The 'borrowers' are coming to a website near you...Ego-surfing - the practice of typing your own name into a search engine to find what results are returned - can throw up a number of surprises.
For starters there was the young man who discovered he had been kidnapped as a child and had since been living with his kidnapper.
But often the results aren't so dramatic. One thing that can turn up, however, is the increasingly common issue of intellectual property theft. In the business of journalism this is certainly true. A search under my own name will often return results where silicon.com content is being reproduced without permission elsewhere.
And that is exactly what happened to Shane O'Donoghue, editor of the Car Enthusiast website. He happened upon content which he recognised as his own on a rival site called Car or Car.
Not only was the content his own but the design was also stolen from his site. The theft was 'cut and paste' to such an extent that he was even credited as the editor of the rival site. The thieves had literally taken the whole site. All they genuinely owned was the domain name.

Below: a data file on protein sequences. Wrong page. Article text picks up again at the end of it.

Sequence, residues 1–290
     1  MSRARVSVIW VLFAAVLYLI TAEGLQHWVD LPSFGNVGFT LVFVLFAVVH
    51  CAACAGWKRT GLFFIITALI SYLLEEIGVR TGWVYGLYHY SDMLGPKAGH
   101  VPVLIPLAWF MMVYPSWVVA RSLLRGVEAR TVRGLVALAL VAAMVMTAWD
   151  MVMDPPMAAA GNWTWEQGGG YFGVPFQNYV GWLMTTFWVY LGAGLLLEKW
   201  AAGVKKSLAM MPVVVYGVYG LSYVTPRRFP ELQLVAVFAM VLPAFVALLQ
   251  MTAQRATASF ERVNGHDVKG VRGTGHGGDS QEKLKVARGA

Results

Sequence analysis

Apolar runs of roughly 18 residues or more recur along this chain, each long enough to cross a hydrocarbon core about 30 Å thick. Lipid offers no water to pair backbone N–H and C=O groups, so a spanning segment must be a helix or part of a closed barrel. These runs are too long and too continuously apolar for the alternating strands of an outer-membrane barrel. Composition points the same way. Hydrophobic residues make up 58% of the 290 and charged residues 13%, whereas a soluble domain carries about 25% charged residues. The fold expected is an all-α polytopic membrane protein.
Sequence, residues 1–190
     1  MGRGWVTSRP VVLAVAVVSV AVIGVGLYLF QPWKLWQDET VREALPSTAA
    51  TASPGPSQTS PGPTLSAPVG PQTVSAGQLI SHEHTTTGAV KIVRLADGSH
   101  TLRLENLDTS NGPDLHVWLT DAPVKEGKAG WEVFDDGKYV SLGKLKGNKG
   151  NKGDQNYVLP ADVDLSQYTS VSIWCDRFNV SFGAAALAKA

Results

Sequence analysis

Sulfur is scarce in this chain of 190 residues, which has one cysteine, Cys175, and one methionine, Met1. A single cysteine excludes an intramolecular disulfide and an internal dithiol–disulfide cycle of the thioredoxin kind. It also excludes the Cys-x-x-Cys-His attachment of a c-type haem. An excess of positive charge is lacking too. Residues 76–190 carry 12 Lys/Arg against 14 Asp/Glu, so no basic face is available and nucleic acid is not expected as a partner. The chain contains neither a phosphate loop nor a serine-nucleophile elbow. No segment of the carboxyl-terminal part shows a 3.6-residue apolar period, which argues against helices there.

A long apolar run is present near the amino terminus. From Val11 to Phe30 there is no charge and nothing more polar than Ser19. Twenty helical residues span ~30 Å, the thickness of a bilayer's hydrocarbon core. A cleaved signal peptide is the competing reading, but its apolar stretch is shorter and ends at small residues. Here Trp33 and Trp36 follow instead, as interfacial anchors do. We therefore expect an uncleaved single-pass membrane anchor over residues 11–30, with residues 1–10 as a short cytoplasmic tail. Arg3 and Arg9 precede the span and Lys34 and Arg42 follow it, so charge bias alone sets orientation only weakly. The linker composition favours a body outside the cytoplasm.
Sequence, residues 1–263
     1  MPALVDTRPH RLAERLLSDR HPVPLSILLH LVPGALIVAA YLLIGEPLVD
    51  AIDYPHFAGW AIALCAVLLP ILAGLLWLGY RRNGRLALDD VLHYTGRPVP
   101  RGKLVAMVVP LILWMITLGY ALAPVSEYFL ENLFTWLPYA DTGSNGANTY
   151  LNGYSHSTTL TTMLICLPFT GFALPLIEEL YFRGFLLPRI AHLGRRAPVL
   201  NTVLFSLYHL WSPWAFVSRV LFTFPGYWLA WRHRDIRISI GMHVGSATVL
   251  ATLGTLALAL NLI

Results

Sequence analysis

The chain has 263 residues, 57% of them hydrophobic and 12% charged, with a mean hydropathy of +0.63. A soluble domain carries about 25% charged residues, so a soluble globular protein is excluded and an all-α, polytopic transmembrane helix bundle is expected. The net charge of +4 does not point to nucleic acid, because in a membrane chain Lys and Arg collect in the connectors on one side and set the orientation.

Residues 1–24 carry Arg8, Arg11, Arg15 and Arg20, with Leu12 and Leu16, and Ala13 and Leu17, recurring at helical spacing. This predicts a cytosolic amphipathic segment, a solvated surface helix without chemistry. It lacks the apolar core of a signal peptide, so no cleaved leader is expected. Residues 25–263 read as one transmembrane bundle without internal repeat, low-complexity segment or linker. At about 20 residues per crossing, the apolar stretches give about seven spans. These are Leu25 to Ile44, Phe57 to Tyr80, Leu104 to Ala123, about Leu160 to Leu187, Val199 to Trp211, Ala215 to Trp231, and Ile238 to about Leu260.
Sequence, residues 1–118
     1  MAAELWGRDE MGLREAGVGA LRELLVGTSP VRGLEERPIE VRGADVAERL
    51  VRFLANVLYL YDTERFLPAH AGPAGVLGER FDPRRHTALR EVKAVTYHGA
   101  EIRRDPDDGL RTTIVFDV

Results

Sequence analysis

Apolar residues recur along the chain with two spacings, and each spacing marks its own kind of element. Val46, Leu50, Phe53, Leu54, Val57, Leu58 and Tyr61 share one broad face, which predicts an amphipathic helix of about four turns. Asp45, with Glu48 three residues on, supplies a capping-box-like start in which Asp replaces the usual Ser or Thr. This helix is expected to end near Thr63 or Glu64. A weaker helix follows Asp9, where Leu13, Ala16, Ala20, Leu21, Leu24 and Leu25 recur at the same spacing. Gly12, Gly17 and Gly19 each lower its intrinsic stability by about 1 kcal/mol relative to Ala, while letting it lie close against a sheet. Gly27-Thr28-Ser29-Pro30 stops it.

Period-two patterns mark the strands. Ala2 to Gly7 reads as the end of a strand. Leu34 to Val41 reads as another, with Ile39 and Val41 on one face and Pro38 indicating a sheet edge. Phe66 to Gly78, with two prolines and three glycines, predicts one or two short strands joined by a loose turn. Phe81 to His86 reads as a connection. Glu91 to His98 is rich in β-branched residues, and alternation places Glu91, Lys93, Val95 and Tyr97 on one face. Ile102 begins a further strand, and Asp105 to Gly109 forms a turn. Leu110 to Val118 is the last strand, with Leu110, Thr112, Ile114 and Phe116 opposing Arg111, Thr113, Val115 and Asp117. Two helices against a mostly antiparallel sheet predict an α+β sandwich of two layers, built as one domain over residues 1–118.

Often it is the case that a simple phone call or email can rectify the issue as generally these wrongdoers know what they are doing is wrong and once rumbled will call it a day. But in this case the issue was complicated by the fact the domain was registered and hosted in Australia and Taiwan respectively - far away from the long arm of UK or EU law.
Upon writing the story we were inundated with emails recounting similar tales - websites or content lifted and posted elsewhere. In the same way criminals rip off trademarks and famous brands - from clothes to music and movies to works of art - so these criminals are ripping off others hard work. And it would appear to be endemic.
It's another example of how difficult it is to control the wild, wild web. Sites registered in Australia and hosted in Taiwan, for example - as in the case of Car or Car - have deliberately added layers of complication to guard against easy legal action and the bottom line is that you will always be fire-fighting. You can never be 100 per cent sure where your content is being used and your intellectual property is being abused.
This isn't an internet-only phenomenon though - merely an extension of real world crime. In the same way Rolex can never know how many fake watches are in circulation at any one time in every country in the world, so domain owners will never be able to know exactly where their content is being picked up and abused.
Each time somebody finds such an instance it is understandable that they will take action but what's to say it won't appear on other copycat sites as quickly as it disappears from another?
Is it happening to you? If it is - and you know it - we'd love you to tell us about it.